Literature opens the door to another world | Editorial

Literature. It’s one of the beautiful things that separate humans from the rest of the animal kingdom.

Literature is also an escape. Curling up on a couch, we read stories of adventure or love and we drift away into the pages of another realm. Roald Dahl immortalized the importance of books in “Matilda,” when he wrote “[her] strong young mind continued to grow, nurtured by the voices of all those authors who had sent their books out into the world like ships on the sea. These books gave Matilda a hopeful and comforting message: You are not alone.”

And if that’s not enough to get you to the library, according to the National Assessment of Adult Literacy, books make better people.

Two-thirds of students who cannot read proficiently by the end of the 4th grade will end up in jail or on welfare.

According to the Department of Justice, “the link between academic failure and delinquency, violence, and crime is welded to reading failure.” Over 70 percent of inmates in America’s prisons cannot read above a fourth grade level.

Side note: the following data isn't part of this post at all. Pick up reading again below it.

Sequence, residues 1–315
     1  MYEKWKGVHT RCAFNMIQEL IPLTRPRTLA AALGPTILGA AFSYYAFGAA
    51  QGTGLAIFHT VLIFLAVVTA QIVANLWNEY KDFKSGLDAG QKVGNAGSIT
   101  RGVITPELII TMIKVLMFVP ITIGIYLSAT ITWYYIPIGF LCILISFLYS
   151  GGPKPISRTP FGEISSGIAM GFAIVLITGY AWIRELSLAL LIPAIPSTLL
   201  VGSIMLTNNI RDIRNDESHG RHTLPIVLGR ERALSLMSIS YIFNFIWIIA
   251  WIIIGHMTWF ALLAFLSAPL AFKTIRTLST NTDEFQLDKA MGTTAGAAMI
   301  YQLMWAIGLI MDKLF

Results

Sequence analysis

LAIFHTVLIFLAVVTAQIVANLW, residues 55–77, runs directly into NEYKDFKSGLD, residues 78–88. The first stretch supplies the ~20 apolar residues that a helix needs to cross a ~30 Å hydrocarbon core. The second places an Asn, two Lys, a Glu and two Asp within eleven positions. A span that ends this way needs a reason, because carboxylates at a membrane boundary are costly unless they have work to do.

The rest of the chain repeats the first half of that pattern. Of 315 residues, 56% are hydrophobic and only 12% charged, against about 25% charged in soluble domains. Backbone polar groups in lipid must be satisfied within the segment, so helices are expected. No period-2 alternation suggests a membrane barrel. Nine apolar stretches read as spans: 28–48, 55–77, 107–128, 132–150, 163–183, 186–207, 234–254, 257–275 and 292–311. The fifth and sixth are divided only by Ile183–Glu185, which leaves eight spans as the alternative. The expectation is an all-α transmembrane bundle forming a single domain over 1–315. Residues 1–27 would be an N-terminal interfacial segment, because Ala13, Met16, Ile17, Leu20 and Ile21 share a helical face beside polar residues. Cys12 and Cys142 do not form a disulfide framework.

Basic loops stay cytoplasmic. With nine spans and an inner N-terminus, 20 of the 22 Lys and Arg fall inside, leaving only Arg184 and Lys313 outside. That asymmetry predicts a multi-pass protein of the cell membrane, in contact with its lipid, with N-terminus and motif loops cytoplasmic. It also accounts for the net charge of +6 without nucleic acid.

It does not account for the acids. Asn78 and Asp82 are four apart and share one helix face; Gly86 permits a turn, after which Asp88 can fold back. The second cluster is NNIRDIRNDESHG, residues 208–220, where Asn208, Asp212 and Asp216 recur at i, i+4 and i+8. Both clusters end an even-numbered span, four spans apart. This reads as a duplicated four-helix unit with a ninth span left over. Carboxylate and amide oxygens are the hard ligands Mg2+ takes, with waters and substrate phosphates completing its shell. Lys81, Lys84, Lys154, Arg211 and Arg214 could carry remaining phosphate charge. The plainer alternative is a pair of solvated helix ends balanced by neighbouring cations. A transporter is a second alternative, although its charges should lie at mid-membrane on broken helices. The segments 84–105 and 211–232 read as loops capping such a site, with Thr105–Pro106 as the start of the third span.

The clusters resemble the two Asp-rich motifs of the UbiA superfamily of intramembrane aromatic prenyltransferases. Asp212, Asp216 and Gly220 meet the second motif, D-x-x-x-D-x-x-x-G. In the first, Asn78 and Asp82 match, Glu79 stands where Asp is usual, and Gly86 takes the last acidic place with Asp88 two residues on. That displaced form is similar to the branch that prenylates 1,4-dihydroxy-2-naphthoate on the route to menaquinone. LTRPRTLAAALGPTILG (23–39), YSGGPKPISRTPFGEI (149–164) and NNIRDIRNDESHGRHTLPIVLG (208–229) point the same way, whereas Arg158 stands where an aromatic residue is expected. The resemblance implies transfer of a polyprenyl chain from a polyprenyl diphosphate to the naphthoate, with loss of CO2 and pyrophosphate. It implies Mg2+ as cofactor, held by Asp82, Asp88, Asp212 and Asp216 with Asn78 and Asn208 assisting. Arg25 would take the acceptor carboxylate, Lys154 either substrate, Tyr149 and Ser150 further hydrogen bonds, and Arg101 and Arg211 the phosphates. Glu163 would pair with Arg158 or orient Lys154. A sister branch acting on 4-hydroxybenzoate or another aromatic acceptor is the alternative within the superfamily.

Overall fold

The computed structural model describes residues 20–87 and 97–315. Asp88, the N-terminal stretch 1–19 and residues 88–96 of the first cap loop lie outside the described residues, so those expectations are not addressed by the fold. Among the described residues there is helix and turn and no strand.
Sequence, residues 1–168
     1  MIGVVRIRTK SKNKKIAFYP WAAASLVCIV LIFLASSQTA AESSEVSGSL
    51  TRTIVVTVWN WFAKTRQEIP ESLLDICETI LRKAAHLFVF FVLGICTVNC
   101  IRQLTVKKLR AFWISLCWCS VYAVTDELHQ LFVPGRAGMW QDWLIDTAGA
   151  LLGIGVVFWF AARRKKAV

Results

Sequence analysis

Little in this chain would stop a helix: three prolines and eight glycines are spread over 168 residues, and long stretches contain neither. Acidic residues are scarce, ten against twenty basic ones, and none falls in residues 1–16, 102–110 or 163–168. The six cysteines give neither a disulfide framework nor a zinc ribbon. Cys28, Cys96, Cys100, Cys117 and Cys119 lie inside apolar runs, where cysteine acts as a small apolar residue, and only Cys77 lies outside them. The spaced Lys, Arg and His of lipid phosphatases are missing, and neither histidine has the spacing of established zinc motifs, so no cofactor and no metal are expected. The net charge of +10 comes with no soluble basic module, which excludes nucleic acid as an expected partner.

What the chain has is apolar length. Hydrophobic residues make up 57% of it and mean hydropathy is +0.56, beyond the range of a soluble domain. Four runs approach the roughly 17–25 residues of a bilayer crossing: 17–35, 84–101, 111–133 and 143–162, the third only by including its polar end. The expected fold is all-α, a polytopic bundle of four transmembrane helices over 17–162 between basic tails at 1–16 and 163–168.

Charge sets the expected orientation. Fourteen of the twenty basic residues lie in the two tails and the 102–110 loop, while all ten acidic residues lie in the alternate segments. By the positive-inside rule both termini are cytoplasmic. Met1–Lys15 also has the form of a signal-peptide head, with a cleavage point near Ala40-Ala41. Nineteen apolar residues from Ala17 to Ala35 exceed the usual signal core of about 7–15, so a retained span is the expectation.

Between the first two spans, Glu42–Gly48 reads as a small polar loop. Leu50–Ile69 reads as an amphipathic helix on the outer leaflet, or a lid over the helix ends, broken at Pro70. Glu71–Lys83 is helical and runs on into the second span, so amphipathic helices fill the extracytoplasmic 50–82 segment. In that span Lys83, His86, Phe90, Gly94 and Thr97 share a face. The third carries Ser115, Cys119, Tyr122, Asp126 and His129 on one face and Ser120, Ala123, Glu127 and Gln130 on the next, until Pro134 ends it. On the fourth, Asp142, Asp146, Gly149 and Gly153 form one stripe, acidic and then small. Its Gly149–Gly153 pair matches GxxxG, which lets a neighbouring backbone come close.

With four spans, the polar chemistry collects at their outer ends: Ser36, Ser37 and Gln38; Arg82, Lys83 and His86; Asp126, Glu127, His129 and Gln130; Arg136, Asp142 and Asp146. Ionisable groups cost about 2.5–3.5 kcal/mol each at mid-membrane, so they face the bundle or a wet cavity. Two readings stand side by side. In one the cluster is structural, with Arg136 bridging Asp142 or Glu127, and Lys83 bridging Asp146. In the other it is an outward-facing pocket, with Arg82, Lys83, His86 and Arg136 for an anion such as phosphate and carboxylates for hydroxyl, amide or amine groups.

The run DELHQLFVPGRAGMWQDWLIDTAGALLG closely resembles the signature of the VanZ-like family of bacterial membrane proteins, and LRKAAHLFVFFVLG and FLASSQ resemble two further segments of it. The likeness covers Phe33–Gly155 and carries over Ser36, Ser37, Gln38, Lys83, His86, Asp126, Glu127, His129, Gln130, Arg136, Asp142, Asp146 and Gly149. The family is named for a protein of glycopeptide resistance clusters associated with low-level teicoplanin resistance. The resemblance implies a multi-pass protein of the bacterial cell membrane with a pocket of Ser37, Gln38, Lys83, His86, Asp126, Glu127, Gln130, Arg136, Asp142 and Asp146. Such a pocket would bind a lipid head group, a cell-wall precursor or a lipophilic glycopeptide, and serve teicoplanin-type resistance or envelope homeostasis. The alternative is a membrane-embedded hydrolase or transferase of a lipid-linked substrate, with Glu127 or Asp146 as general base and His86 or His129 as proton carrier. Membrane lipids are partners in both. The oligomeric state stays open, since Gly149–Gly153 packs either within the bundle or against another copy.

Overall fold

And the facts get more dismal.

According to the National Center for Education Statistics, only 53 percent of children ages three to five were read to daily by a family member.

The estimated cost of illiteracy to taxpayers and businesses is $20 billion per year. Seventy five percent of Fortune 500 companies provide some level of remedial training for an estimated 8 million workers at an estimated cost of $300 million per year, according to Laubach Literacy Action.

Thirty four million adults function at below basic literacy levels, meaning they are unable to complete simple literacy tasks such as filling out a job application or a deposit slip or reading a prescription label, according to the National Assessment of Adult Literacy.

In our community, there is hope for literacy. The literacy alignment project for pre-school to third graders, led by Dave Matteson, is happening at Orcas Island School District with the help of several passionate islanders. This project is a national movement to develop the cognitive and social skills for children that establish strong foundations for future learning.

And when reading thrives, that is where the magic of the castaway “Robinson Crusoe,” Aladdin’s lamp of “One Thousand and One Nights,” and the Sneetches of Dr. Suess will live forever.